Then check for seasoning. I added a good grind of black pepper and a couple of pinches of sea salt and processed that in.

Keep in the fridge covered in oil.

 Posted by at 17:09
Mar 302015
 

Padana Agrodolce
We spent a very happy few days in Ostia Antica near Rome with Carla Tomasi earlier this month. We ate like royalty and had lots of fun cooking with, and learning from, Carla. I’ll share some of the recipes in the coming weeks as I recreate them from my notes.

The first recipe is for griddled, sweet and sour marinated pumpkins or squash – aka, in Italian, zucca in agrodolce. As it happens, Carla was reminded of this Sicilian recipe by Rachel Roddy whom we also met there for a grand day in Rome.

Rachel was very kind to give us a swift tour around Rome in torrential rain and a tour (and lunch) in Testaccio where she lives. As with everyone we met in Italy, she and her partner Vincenzo were incredibly generous. Look out for Rachel’s first book Five Quarters: Recipes and Notes from a Kitchen in Rome which I’m very much looking forward to.

Here’s the recipe on Rachel’s blog, I’ll let her tell the story as she writes beautifully. Variations from Carla and from me are below…

I used a padana squash that we’d grown last year…
Padana pimkin Carla varied the recipe by including some mint, parsley and a little chilli when she put in the vinegar. I used a mixture of Emporer’s mint and oregano. Carla and I used apple cider vinegar.

Agrodolce cooking on Carla stove

Cooking on Carla’s stove

Chicken and lentilsAt Carla’s we had it first with a Roman pan roast lamb and then next day as part of a huge lunch when another Testaccio resident Sigurd came for lunch. It tastes even better after a good chance for all the flavours to blend.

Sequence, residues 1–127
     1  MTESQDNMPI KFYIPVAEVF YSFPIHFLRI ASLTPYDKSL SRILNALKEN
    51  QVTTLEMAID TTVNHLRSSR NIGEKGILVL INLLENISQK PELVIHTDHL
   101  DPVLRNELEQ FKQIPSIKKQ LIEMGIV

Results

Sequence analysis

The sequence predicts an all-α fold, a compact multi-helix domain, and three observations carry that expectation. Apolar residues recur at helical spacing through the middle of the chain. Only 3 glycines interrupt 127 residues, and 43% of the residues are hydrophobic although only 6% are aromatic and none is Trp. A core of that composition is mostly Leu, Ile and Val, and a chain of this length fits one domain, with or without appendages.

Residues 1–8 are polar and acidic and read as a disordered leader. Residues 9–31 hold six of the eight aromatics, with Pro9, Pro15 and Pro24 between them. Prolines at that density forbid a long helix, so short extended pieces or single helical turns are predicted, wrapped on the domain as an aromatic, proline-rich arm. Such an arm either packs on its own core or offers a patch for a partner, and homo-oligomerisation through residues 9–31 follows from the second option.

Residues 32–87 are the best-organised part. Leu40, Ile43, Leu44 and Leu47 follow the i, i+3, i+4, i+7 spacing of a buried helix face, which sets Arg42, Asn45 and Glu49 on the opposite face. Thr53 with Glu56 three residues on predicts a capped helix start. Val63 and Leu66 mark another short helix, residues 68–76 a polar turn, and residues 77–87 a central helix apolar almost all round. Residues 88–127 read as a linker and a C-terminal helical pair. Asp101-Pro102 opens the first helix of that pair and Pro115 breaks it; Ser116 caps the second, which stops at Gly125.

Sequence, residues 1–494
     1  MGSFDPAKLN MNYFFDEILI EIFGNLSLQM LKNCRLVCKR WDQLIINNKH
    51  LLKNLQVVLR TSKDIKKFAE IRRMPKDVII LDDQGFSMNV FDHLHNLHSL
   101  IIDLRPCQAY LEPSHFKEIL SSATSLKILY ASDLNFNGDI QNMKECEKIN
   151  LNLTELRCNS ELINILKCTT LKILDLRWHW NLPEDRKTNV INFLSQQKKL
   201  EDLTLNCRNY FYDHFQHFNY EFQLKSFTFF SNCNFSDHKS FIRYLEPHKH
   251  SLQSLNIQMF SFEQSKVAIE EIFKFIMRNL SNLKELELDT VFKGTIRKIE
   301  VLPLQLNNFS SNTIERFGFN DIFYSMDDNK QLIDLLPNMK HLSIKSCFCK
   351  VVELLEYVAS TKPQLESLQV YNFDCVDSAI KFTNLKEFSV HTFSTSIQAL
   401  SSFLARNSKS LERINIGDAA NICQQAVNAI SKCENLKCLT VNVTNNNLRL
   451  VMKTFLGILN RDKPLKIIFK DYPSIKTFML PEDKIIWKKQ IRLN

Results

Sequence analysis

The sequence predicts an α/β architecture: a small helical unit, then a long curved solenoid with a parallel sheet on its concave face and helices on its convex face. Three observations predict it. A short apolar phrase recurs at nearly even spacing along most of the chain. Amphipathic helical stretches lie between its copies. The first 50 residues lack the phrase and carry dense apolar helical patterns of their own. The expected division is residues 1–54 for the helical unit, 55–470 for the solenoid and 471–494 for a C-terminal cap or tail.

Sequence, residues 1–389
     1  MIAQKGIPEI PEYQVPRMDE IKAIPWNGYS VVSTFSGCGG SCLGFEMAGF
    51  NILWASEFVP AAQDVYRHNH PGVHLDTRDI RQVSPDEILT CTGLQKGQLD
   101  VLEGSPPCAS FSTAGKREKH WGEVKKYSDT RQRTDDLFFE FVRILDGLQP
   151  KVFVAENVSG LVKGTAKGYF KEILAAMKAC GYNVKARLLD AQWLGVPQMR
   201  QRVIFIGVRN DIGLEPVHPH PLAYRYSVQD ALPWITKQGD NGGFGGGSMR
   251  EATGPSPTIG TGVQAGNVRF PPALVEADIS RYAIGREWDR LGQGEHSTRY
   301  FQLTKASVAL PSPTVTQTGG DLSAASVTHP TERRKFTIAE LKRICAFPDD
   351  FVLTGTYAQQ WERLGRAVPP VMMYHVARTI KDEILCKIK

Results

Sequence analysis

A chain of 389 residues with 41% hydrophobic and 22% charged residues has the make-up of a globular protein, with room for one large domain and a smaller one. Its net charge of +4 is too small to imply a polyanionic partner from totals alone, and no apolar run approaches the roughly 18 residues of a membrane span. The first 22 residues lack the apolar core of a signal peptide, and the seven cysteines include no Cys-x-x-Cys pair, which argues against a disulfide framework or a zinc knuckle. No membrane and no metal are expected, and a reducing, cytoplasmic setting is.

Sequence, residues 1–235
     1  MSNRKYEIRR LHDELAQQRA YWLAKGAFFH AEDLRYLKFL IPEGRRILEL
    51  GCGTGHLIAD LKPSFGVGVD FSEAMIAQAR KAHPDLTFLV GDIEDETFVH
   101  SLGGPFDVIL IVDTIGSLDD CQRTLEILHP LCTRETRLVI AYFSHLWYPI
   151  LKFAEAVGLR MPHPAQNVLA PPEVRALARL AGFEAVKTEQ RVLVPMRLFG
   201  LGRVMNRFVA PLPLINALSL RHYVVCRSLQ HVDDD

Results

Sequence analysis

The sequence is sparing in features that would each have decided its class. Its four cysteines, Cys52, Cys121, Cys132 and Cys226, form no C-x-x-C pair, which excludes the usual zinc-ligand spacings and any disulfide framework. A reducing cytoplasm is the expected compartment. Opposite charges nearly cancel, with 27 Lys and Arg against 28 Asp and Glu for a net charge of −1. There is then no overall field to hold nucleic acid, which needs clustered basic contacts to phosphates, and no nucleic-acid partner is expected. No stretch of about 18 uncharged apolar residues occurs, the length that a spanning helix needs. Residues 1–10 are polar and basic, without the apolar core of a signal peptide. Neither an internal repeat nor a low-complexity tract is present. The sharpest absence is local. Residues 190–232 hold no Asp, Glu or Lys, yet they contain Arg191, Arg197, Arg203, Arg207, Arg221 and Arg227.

I served it first with chicken and some dressed lentils.

The next day, I chopped up the pieces so they were smaller and used it to coat some penne – molto bene.

This is a crackingly simple and delicious dish, let me know how you like it 🙂

 Posted by at 14:15

Stuffed sardines recipe, sarde a beccafico

 Autumn, Dairy, Recipes, Seafood, Seasons, Spring, Summer, Winter  Comments Off on Stuffed sardines recipe, sarde a beccafico
Mar 232015
 

Stuffed sardines

Stuffed sardines recipe

These sardines just melt in the mouth with a burst of herby flavour. They are a doddle to prepare and only take 10 minutes to cook. They are ideal as antipasto, as part of a buffet or a main fish course.

I developed the stuffing from ingredients I had left over from the foraging workshop I did locally. So it was a real case of the available ingredients driving the recipe.

In Italian ‘beccafico’ means ‘fig pecker’ a name for small, sweet plump birds. The dish is meant to mimic the taste of these birds. The stuffing is traditionally made with pine nuts, currants, anchovies, parsley, bread crumbs and lemon/orange juice and garnished with bay leaves. The fish tails are left to poke up out of the dish to simulate the perky birds’ tail feathers.

This quantity would serve 4 as antipasto.

Ingredients

8 plump sardines
150ml fresh ricotta (see here how to make your own)
50g of dried breadcrumbs
handful of wild garlic leaves, finely chopped
large sprig of fresh thyme, leaves picked
1 lemon zest finely grated
1 lemon, sliced
sea salt & freshly ground black pepper to taste
extra virgin olive oil

Method

Pre-heat an oven to 180°C (350°F).

If it’s not already been done, cut off the head of the sardines and gut them. Wash & gently dry them.

Cut from the gut to the tail to make it easy to butterfly bone the fish. If you fancy, cut or snip out the dorsal fin and cut off the tail. Put the fish belly down on a board so that the back is uppermost. Press down firmly on the length of the backbone and feel it separate from the flesh. Turn the fish over and remove the backbone and rib bones, with luck they will come out as one. Use a small knife to help you if you need to.

Mix the remaining ingredients apart from the extra virgin olive oil together so it makes a thick paste.

Divide the paste evenly across each of the sardines. Roll up the sardines. If you want to mimic the birds’ tail feathers roll from the wide end first: otherwise it’s easier to roll from the tail end.

Put the fish tightly in a baking dish so they don’t unroll and put a slice of lemon between each. Drizzle over some extra virgin olive oil.

Bake in the pre-heated oven for 10 minutes.
Baked stuffed sardinesThe fish can be eaten warm, I prefer them at room temperature.

Buon appetito!

 Posted by at 12:23
Apr 172014
 

Hop Shoot All you need is a few hop plants (humulus lupulus), some malt and sugar, water and the help of Andy Hamilton.